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Insulate Britain targets two major roads into London as demonstrations continue


By PA News

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Insulate Britain has attempted to block two major roads into London after warning its “non-violent civil resistance” would continue on Wednesday.

The climate group targeted the A40 in west London and a roundabout in Dartford, Kent, urging the Government to better insulate homes.

Protesters began blocking traffic on the A-road junction with Gypsy Lane early on Wednesday morning, but in Dartford, Kent Police officers intervened before the protest began.

Protesters from Insulate Britain are arrested by police in the car park of the DoubleTree Hilton at Dartford Crossing (Jonathan Brady/PA)
Protesters from Insulate Britain are arrested by police in the car park of the DoubleTree Hilton at Dartford Crossing (Jonathan Brady/PA)

Officers escorted six activists away from the roundabout towards police vans in a nearby car park.

The Metropolitan Police force have been diverting traffic at the A40 site.

A force spokesperson said: “The Met is aware of Insulate Britain activists blocking the road at the A40 junction with Gypsy Lane in North Acton.

“Officers were promptly on the scene. Traffic has had to be diverted for the safety of all.”

Amy Pritchard, a protester in Dartford, said she has been arrested 11 times since September 13, but she feels the group’s cause is more important than any legal consequences she would face.

Protesters are arrested by police in the car park of the DoubleTree by Hilton Hotel Dartford Bridge (Jonathan Brady/PA)
Protesters are arrested by police in the car park of the DoubleTree by Hilton Hotel Dartford Bridge (Jonathan Brady/PA)

Ms Pritchard told the PA news agency: “We’ve been prevented from entering the roundabout.

“The police have not been charging us with anything or interviewing us.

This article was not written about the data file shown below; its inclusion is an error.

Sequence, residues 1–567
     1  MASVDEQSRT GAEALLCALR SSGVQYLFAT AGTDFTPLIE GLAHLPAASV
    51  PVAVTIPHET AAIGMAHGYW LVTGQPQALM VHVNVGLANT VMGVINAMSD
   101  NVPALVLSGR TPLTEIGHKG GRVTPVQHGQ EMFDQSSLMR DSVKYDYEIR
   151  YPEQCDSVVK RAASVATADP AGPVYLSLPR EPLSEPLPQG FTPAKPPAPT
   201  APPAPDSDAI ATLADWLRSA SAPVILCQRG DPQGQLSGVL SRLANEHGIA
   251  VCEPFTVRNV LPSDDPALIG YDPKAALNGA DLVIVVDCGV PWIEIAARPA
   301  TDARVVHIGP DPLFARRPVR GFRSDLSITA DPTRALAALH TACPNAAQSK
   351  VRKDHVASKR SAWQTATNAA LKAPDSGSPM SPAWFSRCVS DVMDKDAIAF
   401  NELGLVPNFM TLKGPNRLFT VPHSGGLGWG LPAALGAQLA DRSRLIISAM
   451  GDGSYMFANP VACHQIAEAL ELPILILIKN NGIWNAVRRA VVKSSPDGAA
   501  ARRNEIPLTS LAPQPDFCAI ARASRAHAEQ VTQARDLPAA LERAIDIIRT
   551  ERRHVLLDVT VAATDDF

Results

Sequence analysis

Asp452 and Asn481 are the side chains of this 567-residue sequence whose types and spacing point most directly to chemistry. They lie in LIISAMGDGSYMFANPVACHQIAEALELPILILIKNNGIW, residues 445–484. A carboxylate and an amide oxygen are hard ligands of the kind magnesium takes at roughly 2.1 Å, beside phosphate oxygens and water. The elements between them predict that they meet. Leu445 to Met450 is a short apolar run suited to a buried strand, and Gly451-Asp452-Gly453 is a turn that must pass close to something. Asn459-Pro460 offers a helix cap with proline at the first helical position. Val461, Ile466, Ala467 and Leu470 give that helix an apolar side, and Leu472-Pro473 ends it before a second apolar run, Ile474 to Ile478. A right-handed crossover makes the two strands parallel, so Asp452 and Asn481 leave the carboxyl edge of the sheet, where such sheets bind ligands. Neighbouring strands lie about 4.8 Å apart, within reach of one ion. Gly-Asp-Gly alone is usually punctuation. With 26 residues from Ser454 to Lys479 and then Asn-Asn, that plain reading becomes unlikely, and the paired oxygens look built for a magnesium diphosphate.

“There’s been a political decision not to deal with us and we don’t want to be blocking roads, so it is fine.

“And we will continue until our demands are met and we are prevented from doing this.

“The decarbonisation at the speed and scale that is necessary is more important than the legal consequences for us all individually.”

One activist said she was prepared to lose her home and go to jail for the cause.

Suzie, 47, from Cambridge, who works in childcare, said: “If going to prison and losing my home is what it takes to get the Government to do the right thing and cut our carbon emissions then it’s a price worth paying.

“I can’t be a bystander while this Government betrays the public, our children and future generations by failing to defend our country from the climate crisis.

“Insulating Britain’s leaky homes has to come first. It will cut out a huge chunk of our carbon emissions, help families struggling with their energy bills and end fuel poverty.

“It’s such a basic first step that you have to wonder why the Government refuses to act. Don’t they care?”

Protesters from Insulate Britain including Tony Hill (left) are arrested by police in the car park of the DoubleTree by Hilton Hotel Dartford Bridge in Dartford (Jonathan Brady/PA)
Protesters from Insulate Britain including Tony Hill (left) are arrested by police in the car park of the DoubleTree by Hilton Hotel Dartford Bridge in Dartford (Jonathan Brady/PA)

Ben, 36, a geologist from Somerset, urged more people to join the action.

He said: “There is widespread agreement that insulating our homes is urgent and necessary and that Government plans are inadequate.

“The only question remaining is: will you join us on the motorway to demand action now?”

The demonstrations come despite four court injunctions taken out against the group.

Most recently the Government-owned National Highways secured a ban on activities which obstruct traffic on its 4,300-mile network of motorways and major A-roads in England.

This followed a super injunction granted to National Highways on Monday, which prohibits people from Insulate Britain from interfering with traffic on any part of the strategic road network in England.

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